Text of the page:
Caroline Duffy describes her sculptural pieces as ‘collages’ using found and recycled materials to make abstract artworks. She begins her process by constructing collages she makes from old cardboard. Her philosophy is to try to make something out of the many types of discarded materials that we come across almost every day. Nearly all of her sculptures started life as a utilitarian object which was discarded and now has been made into something else. She even likes to replicate the ‘torn’ edges on the steel that can be seen in the cardboard collages.
Caroline makes sculptures and collages from found timber, steel, paper, packaging and cardboard, often collected on the streets of her neighbourhood in inner Sydney, and salvaged from construction offcuts. This purposeful gathering shows the artist’s environmental responsibility, which makes her work all the more important. Found steel — the rusty, broken, bent pieces — prompts the start of the abstract forms, and each sculpture takes on a life of its own. The heavy and dense nature of the material gives a sense of gravitas and new permanence to the sculptures.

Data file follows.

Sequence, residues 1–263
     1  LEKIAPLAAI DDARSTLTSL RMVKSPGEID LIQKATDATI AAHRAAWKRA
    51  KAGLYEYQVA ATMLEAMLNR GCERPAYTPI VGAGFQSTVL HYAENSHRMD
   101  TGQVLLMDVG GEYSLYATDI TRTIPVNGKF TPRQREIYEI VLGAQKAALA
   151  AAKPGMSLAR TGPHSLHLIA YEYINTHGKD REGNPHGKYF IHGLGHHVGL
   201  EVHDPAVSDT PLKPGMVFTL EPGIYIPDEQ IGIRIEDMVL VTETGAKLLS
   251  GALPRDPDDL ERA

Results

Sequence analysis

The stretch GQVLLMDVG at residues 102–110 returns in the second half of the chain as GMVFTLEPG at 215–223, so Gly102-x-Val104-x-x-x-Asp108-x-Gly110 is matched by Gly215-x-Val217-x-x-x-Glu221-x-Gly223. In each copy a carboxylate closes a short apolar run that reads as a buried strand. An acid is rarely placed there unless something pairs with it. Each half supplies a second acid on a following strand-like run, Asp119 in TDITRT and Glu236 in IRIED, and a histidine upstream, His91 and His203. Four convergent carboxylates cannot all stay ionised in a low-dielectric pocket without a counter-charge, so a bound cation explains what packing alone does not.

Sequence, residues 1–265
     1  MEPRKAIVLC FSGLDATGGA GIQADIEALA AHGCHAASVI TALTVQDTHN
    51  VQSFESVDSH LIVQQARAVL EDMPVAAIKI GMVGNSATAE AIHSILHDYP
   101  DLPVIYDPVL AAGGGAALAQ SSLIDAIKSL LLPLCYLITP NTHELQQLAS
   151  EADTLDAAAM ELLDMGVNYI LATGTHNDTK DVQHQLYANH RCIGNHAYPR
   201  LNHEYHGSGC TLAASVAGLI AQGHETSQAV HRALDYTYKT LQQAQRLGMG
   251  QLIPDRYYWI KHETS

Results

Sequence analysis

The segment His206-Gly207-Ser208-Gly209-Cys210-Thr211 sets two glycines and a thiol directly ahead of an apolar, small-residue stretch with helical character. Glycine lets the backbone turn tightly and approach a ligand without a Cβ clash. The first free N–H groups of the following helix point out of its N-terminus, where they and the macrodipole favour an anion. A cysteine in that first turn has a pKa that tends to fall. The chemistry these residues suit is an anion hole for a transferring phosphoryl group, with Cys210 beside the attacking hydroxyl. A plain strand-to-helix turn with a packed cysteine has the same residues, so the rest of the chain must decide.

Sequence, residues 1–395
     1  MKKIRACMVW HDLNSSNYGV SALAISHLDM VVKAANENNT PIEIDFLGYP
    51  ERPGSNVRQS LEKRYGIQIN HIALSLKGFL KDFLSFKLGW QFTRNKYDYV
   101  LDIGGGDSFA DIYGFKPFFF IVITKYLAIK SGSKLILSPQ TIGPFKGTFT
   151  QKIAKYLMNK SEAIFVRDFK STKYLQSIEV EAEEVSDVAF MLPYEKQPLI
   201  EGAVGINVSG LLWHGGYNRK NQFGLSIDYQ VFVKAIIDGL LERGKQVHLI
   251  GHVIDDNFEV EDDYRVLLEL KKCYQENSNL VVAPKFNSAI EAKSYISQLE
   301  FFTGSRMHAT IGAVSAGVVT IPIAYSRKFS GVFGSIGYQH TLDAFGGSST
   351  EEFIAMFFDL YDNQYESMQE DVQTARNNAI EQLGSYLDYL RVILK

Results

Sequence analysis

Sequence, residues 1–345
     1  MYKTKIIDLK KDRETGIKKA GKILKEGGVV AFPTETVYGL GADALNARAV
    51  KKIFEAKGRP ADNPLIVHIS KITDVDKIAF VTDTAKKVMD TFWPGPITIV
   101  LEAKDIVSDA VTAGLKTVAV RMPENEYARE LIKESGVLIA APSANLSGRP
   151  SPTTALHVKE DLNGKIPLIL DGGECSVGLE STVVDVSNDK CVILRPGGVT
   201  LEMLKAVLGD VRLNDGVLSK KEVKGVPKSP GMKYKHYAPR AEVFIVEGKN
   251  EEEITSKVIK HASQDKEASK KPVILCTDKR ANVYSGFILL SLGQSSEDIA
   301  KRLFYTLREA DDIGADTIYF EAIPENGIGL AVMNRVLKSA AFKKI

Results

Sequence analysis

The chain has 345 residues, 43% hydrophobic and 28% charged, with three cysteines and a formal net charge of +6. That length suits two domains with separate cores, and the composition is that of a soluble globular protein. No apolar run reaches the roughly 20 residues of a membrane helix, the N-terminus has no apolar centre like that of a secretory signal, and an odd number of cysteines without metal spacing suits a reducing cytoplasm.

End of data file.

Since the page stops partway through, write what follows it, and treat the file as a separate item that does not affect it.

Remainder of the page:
The material alone starts the process and ignites the imagination. The forms are a purely abstract response to the shape, texture and weight of the raw material Caroline has salvaged. “There is no narrative to explain the sculptures,” says Caroline, “Each just grows and turns into something. I never know what that will be until it is finished.”
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